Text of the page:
Table 1
Table 1 Immunotherapy in myasthenia gravis
Full table

Other than symptomatic relief, Wong and associates reported a 30% reduction of ocular MG progression to generalized form after early immunosuppressant therapy (40).

Plasma exchange, intravenous Ig and plasmapheresis are applied for rapid immunomodulation in unstable and refractory MG cases with disabling symptoms. Intravenous immunoglobulins (IVIGs) including polyclonal immunoglobulins suppress inflammation via Fab or Fc fragments (5). It should be administrated in dosage of 0.4 g/kg per day for 5 consecutive days or 1 g/kg per day for 2 days. IVIG can be helpful during myasthenic crisis to reduce the period of mechanical ventilation. Complications include allergic/anaphylactic reactions, pulmonary edema due to fluid overload, headache, viral hepatitis and aseptic meningitis (5). In addition, plasmapheresis has therapeutic effects based on the mechanism of removing the circulatory, pathogenic immune factors and autoantibodies. It could be applied in refractory cases for stabilization prior to thymectomy and/or high dose corticosteroid pulse therapy (41).

There are several medications which should be avoided in myasthenic patients regarding exacerbation or unmasking MG including Telithromycin, a new ketolide antibiotic (42); Fluoroquinolones (43,44); Streptomycin (45); Quinidine (46) and hydroxychloroquine (47) and beta-blockers.

A new pathway treatment in MG may be the Agrin-LRP4-MUSK signaling cascade. Agrin interacts with LRP4 to activate the MuSK tyrosine kinase receptor. MuSK and LRP4 prepare complex network of interacting proteins which is necessary for AChR clustering. Agrin-LRP4-MuSK signaling cascade drives acetylcholine receptors and secure signal transduction in the NMJ (48). Another new treatment is Eculizumab (humanized monoclonal antibodies) which inhibits the complement system in AChR antibody positive patients. Eculizumab should be applied as a 35 min intravenous infusion (each 30 mL vial contains 300 mg of eculizumab). It may be a valuable emerging therapy in AChR antibody positive adults MG or refractory generalized MG (49). More experiments should be done to figure out the tolerability, appropriate period of treatment, long term efficacy and complications.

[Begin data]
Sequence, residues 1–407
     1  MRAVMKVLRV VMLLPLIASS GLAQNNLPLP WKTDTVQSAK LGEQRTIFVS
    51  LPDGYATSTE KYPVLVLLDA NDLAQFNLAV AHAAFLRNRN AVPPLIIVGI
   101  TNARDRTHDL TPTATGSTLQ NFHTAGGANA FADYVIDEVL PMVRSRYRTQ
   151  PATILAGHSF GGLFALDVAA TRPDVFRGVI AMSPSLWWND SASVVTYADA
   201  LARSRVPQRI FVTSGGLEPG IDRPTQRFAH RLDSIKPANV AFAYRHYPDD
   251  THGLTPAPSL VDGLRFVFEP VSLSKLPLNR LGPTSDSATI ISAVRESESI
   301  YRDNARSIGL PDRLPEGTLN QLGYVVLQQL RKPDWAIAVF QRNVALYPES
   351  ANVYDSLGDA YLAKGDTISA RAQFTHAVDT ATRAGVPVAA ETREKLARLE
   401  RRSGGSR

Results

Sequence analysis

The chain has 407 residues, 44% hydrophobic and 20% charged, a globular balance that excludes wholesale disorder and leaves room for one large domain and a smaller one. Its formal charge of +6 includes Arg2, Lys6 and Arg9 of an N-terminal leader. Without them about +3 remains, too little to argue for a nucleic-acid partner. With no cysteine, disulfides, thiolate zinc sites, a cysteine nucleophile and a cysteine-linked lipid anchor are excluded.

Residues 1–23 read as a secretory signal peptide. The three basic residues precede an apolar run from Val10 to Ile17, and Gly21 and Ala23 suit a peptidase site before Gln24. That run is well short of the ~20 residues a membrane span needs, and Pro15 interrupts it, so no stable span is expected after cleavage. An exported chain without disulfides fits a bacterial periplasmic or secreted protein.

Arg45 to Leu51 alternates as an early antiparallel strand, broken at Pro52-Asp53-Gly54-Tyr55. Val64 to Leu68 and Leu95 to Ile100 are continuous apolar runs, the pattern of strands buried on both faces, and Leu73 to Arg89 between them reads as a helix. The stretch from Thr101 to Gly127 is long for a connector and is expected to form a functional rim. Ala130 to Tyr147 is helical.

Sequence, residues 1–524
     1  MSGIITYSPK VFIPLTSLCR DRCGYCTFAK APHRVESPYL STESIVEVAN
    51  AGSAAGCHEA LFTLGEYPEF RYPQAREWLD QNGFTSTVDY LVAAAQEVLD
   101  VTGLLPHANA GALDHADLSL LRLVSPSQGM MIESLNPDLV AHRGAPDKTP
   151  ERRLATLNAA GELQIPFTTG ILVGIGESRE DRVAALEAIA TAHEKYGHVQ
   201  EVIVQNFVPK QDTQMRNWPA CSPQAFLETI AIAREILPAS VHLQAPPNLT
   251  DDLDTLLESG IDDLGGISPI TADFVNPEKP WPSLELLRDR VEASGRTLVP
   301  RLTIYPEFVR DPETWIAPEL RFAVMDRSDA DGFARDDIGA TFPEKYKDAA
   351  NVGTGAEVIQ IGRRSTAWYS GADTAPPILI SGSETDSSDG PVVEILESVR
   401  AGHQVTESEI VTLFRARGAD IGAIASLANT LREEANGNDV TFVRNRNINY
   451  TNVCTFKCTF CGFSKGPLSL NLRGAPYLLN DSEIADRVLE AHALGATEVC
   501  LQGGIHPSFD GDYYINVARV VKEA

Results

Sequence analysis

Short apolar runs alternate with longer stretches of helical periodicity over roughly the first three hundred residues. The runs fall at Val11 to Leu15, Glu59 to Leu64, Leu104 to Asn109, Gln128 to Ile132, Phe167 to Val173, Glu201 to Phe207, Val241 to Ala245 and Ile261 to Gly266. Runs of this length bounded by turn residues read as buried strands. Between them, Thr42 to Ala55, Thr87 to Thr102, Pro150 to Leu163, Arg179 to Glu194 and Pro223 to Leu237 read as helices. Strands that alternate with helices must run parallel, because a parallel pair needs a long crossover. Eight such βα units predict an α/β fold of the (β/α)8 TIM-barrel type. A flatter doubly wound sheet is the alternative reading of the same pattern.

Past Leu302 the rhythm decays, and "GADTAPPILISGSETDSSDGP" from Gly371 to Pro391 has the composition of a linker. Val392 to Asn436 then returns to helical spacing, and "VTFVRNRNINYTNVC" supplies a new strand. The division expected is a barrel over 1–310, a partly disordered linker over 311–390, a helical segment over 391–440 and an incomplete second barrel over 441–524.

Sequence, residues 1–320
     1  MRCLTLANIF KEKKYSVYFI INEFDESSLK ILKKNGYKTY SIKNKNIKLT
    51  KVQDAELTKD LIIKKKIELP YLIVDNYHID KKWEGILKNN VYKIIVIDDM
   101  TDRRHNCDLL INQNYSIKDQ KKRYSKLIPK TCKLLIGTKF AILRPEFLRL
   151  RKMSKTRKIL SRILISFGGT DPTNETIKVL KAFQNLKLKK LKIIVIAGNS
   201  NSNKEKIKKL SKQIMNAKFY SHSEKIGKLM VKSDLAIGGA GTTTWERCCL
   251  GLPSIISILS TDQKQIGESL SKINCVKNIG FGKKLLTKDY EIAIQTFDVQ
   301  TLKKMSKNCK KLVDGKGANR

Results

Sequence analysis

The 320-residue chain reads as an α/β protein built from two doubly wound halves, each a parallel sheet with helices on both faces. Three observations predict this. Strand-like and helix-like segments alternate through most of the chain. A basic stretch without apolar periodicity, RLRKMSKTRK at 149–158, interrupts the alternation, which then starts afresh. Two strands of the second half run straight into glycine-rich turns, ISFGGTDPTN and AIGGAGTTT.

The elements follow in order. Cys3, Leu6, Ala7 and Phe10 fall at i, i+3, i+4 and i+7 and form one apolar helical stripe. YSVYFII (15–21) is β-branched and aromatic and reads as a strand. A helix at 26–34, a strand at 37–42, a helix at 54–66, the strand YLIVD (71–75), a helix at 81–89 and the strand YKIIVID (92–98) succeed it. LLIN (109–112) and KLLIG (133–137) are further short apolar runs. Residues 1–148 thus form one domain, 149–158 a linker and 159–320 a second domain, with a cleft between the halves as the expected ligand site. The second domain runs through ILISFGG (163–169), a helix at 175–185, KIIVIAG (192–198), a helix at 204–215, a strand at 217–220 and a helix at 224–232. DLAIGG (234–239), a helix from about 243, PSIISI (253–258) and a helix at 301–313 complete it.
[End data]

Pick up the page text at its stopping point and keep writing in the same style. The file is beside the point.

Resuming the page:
The role of thymus and thymic B cells in anti-acetylcholine receptor antibodies production in MG has been clearly reported and thus thymectomy may have beneficial effect (Table 2) (1,11,52,64-66). Mediastinal imaging should be obtained to rule out thymoma. Thymectomy should be done if thymoma is present and even if not, should be considered in cases of medication intolerability, insufficient treatment effect and severe complications of first line treatment (5,31).

Table 2
Table 2 Thymectomy in myasthenia gravis
Full table

Although the treatment goal in OMG is symptomatic relief, sometimes ptosis and/or ophthalmoplegia are refractory. Local treatments for ptosis can include eyelid crutches or surgery if the ptosis is fairly stable (54,67). Occlusion of one eye can be used in the short term for diplopia. If the ocular misalignment is fairly stable, prism glasses can be considered. If the misalignment is very stable, strabismus surgery can be considered (67), Although strabismus surgery can be helpful, some complications including worsening diplopia and exposure keratopathy have been reported (67-69).


MG can mimic most ocular motility disorders and will be encountered by every ophthalmologist. One must be aware of its systemic manifestations and usually co-manage with a neurologist. Diagnosis can be difficult as there is no test that absolutely rules out this condition. Thus, one must be aware of the various tests described and on occasion trust their clinical judgement. It is often successfully treated with one or more of the methods described above.




Conflicts of Interest: The authors have no conflicts of interest to declare.


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doi: 10.21037/aes.2018.05.02
Cite this article as: Jabbehdari S, Golnik KC. Myasthenia gravis. Ann Eye Sci 2018;3:23.